Alan Wake Remastered arrives just in time for the Halloween season and brings with it a cast of character cut-outs, satisfying yet simple gameplay, and an engrossing story. Alan Wake was a game I never got around to playing when it was first released in 2010. It has been on my radar, and when I heard an updated rerelease was coming out hot on the success of Remedy’s smash hit Control, I knew it was my time to explore Bright Falls and dive into the town and its cast of oddballs and eccentrics.
Alan Wake follows its title character as he searches for his missing wife. Throughout the game’s ten or so hour story you’ll meet a cast of characters that are all a little zany. Most of the characters are fairly flat with little development in their overall arcs. The character I hated the most at the beginning, Barry, Alan’s manager, was my favorite by the end. He went from annoying and grating to loveable goofball ready to blast away baddies by the end.
The game works best when Alan is with others. There aren’t a lot of these moments, but when they happen, I enjoyed Alan’s banter and conversations with his cohort more than I did playing solo.
Alan does a lot of narration to you as you play, and a lot of it is performed like a bargain bin audiobook. Though, with how hokey some of the story and characters can be, it works.
As you’re exploring the town and diving into the central mystery of the story, you’ll see the dark presence taking over townsfolk and turning them into Taken. They can be defeated by weakening them with a light and then blasting them away with a revolver, shotgun, hunting rifle, or flare gun. Gun combat is simple and easy. You’re also able to dodge an enemy’s attack with a slo-mo animation, and up until the very end, I got a lot of satisfaction with that animation. On the same level, there are moments with the flare gun that rewards a dead-on hit with the enemy ragdolling through the air and bursting into light and dissolving in slow motion.
Sometimes it gets very annoying that items don’t carry over from one area to another. Sometimes it made sense: Alan gets taken in by the cops or gets tossed from a vehicle and loses the supplies he’s carrying. In other moments, you’d move from one area to another with a cutscene in between, and you’d lose a shotgun, flare gun, and all your batteries. Regardless, there are always a lot of items to find and use on your quest to defeat the darkness, but I would have appreciated some continuity as you can spend a lot of time scavenging for items in various nooks and crannies in the game. While scavenging, there are a few collectibles to find which I enjoyed.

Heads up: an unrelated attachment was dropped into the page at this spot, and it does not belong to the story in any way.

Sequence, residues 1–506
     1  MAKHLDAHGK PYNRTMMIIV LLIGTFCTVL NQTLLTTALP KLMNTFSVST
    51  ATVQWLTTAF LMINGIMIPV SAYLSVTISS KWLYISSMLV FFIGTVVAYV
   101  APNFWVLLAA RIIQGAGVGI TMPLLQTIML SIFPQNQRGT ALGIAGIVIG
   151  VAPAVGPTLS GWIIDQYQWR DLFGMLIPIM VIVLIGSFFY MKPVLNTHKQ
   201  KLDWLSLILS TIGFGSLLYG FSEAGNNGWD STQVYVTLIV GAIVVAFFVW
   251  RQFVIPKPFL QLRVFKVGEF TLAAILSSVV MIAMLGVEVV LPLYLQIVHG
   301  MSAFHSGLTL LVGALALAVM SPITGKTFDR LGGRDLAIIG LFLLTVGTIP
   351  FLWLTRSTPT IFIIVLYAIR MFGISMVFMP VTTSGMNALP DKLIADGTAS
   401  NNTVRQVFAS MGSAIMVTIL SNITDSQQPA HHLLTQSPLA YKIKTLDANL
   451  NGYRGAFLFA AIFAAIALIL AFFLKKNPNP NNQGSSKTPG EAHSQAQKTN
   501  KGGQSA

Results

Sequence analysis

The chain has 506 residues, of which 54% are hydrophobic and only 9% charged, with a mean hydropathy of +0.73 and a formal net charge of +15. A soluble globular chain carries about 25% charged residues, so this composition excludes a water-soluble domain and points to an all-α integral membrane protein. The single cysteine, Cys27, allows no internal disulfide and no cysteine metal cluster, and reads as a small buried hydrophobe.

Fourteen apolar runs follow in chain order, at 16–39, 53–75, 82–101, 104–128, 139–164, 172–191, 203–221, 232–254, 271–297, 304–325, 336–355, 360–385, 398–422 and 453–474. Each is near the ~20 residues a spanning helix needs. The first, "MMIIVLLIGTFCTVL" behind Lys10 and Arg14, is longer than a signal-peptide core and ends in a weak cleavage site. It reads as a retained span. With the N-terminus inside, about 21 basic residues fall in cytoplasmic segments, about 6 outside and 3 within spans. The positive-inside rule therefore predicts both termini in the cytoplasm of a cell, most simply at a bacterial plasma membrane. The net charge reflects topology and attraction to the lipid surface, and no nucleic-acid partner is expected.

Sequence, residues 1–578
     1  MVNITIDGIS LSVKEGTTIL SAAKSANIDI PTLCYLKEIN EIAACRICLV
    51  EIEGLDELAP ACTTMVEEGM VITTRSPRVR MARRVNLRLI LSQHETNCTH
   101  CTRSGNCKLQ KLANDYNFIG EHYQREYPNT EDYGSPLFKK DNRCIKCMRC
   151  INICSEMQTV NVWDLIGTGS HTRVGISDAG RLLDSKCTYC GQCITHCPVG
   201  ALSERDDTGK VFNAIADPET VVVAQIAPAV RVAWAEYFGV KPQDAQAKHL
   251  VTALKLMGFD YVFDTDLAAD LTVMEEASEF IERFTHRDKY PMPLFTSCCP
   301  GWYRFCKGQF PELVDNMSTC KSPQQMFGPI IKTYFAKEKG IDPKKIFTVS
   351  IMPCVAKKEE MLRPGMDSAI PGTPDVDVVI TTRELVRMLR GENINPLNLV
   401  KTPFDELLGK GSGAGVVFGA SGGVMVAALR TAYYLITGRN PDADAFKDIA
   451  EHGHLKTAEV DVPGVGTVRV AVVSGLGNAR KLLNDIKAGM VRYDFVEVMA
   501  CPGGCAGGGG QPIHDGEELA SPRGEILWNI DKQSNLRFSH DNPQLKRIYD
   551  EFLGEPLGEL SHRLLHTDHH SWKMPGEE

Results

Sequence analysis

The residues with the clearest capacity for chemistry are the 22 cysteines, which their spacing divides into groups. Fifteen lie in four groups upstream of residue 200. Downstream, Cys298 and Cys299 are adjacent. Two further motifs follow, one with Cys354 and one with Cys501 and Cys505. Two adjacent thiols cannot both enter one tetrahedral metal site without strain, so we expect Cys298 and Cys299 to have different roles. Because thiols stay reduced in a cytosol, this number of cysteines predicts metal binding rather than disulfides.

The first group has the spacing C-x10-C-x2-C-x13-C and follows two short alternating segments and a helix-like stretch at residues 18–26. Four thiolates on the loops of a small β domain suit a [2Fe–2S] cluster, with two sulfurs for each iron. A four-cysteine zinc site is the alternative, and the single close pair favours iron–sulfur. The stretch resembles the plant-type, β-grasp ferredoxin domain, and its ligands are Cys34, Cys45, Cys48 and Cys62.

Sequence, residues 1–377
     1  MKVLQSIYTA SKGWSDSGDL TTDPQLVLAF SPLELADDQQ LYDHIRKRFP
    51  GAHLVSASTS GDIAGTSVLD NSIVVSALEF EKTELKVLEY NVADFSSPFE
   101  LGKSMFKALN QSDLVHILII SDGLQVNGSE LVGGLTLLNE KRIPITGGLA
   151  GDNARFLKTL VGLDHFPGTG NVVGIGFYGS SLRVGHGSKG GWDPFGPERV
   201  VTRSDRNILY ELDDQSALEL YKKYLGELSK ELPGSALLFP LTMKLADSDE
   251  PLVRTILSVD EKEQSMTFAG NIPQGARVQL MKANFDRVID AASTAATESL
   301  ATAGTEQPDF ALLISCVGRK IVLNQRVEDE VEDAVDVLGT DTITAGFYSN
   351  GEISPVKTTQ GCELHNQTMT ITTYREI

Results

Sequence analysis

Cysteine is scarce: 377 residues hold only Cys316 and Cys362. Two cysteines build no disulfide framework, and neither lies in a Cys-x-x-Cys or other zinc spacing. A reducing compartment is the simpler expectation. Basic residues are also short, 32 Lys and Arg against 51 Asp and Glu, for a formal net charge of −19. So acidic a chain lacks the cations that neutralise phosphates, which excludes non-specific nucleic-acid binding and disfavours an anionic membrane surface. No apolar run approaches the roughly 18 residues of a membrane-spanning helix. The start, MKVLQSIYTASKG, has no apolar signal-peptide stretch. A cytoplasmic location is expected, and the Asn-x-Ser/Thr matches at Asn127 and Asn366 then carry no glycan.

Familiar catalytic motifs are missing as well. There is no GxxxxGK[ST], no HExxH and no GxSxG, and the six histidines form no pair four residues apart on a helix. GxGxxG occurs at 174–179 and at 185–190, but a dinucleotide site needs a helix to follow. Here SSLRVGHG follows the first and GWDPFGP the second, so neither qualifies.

Unfortunately, enemy design isn’t particularly innovative, and I wish there had been some non-male enemies. Seeing the same greyed-out male hunters, office clerks, and policemen got a little bit bland by the end of the game. One thing that does make enemies stand out is their zany and goofy dialogue. I always got a laugh out of a giant shovel-wielding baddie running at me and screaming things like, “Hunters need hunting licenses!” or “Premium cabins for rent in Bright Falls!” Boss battles often come in the form of large possessed vehicles or construction equipment, and while they occasionally allow for some fun moments, you defeat them by shining your flashlight on them enough and/or using your flare gun or other light-based weapons, and once you find a rhythm, it becomes a little monotonous.
I did encounter some control issues later in the game. There are a few moments where you have to defeat hordes of enemies, and you’ll have a giant searchlight at your disposal to damage enemies. You preds O to use it. At times, an enemy would get behind and I’d unselect the light and hit R1 to drop a flare to make him back off, but R1 would make Alan use the light again. It caused me to die a few times and become very frustrated.
As for the game’s remastered status, it looks great. Characters are completely reworked, and facial animations have been redone. It runs in 4K at 60FPS on the PS5. The lighting looks gorgeous, but at times I do feel like things looked a bit too clean. Having seen a lot of original playthrough videos, there was grit that is absent in the remaster. That is to say, the original game honestly still looks great despite being released over a decade ago. I played Control first and loved getting to dive into the mystery surrounding the world that the two games share.
While some of the game’s mechanics haven’t aged super well, it’s still a fun and eerie ride through Bright Falls, and it is enjoyable to see where Remedy came from. If I had played this game when it first came out, I think I would have appreciated it more, but that isn’t to say Alan Wake Remastered isn’t worth your time. If you’re looking for an eccentric and spooky story with some zany characters and good gameplay, spend some time with Alan in Bright Falls.
Alan Wake Remastered – Review
We tell you, it’s a good game! It’s not average! It might have some problems here and there, but you have to admit it is a “Good” game.